While it makes sense that, for example, an atheist would not be an acceptable candidate for the presidency of a Catholic seminary, where exactly does the line get drawn? And who draws it? If there are certain beliefs/traits/physiological characteristics that define one's fitness for a certain position, who decides if the candidate is [blank] enough to fill the job?
This is an interesting case. Gallaudet University is the number one college in the US, probably the entire world, that serves the deaf. This is what it was founded for, this is what it has done all these years. Yet, for the second time in fairly recent years, the students of Gallaudet have blocked the appointment of a president. The rejected candidate says that this is because she did not learn American Sign Language until she was in her 20s.
WASHINGTON – The board of trustees of the nation's premier school for the deaf voted Sunday to terminate the appointment of the incoming president, who had been the subject of protests, the board announced.
The vote at Gallaudet University came after a daylong closed-door meeting that followed a month of protests by students and faculty members. Jane Fernandes, the school's former provost, had been selected in May to take office in January.
"Although undoubtedly there will be some members of the community who have differing views on the meaning of this decision, we believe that it is a necessity at this point," the board said in a written statement.
Fernandes did not immediately respond to an e-mail seeking comment.
Protesters had said Fernandes, 50, was a divisive and ineffective leader as provost. They said the board ignored surveys by students and faculty during the presidential search that called her "unacceptable." The faculty voted this month, 82 percent to 18 percent, for Fernandes to resign or be removed.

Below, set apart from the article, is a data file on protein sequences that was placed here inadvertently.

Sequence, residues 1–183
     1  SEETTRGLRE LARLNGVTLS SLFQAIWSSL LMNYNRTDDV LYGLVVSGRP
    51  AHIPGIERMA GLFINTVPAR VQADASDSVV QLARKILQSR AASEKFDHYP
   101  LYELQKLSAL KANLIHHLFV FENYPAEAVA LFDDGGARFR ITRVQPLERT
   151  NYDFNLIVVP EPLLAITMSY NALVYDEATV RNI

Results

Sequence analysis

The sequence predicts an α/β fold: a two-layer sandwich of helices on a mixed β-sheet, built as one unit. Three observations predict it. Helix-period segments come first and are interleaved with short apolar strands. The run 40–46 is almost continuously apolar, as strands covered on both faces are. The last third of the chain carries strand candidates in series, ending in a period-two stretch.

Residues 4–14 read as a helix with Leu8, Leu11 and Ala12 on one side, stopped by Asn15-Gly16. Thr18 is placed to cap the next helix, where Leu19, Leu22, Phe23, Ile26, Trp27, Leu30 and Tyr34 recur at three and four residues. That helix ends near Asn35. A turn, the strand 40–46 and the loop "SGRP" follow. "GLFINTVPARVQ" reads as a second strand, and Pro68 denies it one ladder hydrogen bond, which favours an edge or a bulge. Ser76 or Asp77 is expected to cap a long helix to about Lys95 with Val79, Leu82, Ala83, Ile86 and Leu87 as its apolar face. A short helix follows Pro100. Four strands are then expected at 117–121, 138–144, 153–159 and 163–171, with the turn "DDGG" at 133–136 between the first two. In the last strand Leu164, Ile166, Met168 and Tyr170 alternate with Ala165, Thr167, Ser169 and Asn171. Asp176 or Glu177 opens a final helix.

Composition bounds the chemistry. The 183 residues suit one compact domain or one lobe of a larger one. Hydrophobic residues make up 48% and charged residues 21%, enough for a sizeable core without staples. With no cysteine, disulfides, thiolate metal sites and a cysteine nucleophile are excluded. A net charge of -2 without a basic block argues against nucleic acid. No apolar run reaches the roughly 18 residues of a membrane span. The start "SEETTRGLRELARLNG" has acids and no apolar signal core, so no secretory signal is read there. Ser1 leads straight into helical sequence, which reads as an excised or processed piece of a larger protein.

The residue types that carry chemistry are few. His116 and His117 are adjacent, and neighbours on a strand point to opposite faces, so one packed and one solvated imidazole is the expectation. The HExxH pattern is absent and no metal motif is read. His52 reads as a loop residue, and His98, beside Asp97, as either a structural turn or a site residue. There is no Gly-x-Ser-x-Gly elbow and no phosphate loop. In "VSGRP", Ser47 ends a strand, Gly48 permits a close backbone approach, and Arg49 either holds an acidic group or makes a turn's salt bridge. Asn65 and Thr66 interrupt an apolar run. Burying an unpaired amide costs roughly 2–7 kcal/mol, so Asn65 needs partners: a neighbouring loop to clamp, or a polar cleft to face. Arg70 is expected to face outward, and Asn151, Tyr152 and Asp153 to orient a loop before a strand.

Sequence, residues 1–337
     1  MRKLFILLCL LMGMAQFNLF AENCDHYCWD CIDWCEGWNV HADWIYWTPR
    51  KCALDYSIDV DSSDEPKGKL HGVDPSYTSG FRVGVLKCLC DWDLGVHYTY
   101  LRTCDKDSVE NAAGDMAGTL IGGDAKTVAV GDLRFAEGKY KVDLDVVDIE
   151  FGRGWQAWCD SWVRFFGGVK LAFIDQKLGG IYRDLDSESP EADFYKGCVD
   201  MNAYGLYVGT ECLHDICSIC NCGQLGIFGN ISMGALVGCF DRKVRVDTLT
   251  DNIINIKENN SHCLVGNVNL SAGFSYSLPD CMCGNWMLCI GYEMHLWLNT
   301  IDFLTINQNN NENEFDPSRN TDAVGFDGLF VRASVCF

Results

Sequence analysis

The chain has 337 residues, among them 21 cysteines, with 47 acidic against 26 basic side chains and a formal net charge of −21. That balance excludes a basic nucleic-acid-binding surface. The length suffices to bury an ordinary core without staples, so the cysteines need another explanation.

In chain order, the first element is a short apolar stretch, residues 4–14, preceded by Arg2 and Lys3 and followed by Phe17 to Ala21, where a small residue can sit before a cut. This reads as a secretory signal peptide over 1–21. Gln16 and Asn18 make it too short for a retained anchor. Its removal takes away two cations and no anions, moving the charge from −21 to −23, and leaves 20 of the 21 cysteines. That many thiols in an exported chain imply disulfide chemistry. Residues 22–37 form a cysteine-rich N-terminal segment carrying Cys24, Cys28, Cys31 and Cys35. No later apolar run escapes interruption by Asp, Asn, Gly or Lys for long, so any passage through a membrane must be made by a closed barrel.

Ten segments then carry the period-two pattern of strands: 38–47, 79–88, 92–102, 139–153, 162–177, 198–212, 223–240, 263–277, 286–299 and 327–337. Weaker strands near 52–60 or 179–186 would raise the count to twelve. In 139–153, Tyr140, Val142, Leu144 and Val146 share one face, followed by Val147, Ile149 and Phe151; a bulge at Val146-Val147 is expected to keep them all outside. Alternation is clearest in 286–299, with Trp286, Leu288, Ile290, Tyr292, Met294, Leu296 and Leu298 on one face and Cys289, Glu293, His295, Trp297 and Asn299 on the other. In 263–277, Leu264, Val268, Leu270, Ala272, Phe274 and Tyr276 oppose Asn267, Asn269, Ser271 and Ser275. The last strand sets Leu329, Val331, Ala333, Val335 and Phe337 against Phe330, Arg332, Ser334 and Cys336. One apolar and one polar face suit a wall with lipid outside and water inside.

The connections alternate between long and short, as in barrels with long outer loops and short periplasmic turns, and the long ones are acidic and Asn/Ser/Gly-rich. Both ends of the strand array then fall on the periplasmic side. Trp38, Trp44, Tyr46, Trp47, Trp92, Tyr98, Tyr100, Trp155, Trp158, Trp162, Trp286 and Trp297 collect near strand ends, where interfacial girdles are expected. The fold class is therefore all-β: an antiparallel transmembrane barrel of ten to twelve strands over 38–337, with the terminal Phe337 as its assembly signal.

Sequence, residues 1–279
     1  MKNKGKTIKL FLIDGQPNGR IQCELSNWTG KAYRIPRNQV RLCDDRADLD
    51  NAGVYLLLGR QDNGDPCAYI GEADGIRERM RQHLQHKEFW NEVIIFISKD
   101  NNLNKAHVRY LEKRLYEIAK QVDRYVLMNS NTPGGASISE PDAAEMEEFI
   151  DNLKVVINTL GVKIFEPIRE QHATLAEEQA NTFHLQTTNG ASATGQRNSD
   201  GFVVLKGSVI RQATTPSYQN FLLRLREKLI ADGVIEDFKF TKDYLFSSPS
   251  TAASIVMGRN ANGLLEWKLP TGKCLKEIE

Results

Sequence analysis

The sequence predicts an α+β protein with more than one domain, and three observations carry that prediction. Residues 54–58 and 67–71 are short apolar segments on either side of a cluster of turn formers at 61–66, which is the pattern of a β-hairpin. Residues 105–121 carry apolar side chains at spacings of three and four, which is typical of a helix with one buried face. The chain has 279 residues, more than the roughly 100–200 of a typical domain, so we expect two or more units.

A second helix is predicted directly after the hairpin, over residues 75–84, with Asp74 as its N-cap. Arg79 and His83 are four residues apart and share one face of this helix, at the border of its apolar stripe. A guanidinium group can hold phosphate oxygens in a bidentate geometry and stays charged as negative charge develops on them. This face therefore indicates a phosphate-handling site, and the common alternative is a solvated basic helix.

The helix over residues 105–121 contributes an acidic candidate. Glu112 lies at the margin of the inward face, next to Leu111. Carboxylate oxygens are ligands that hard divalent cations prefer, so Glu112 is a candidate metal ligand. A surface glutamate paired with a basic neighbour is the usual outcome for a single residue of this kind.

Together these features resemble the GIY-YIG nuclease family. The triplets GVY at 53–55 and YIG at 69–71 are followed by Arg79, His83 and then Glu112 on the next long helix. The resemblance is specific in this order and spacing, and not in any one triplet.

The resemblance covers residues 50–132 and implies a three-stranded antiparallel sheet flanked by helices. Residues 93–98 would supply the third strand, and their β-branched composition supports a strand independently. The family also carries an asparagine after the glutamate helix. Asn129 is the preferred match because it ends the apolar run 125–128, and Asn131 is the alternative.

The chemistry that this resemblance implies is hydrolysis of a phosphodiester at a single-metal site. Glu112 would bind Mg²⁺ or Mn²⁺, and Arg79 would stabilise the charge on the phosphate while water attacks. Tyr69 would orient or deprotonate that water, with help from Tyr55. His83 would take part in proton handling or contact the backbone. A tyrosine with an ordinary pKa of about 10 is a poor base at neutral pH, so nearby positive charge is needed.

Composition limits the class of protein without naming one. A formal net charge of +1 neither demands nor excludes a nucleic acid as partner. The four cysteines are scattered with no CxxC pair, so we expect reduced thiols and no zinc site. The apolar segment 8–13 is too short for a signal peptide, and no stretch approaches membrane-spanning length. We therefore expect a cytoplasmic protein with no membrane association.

Fernandes had refused to resign, saying it would hurt the university to allow protests to determine the school's leadership. She said she had become a lightning rod for those frustrated about changes in deaf culture because she hadn't learned to use American Sign Language until she was in her 20s.
Celebrations broke out on campus when the decision was announced. Professor Diane Morton, who joined protesters for a rally at the university gymnasium, said students were "elated" when protest leaders received the e-mailed announcement.
"The leaders made it very clear that her resignation is not the end," Morton said. "We still need to make sure that the presidential search process is fair, equitable, transparent and diverse."
I post about this not because I have any ill feelings toward deaf persons. I know several quite well (and plan to ask them about this, in fact). But I wonder where the line gets drawn. For example, substitute white or black into the 'enough' question. Substitute religious or non-religious. Substitute anything for anything. Then ask if the question sounds right. Then take a look at what happened at Gallaudet. Is it democracy or mob rule? Who decides that someone is not [blank] enough and why?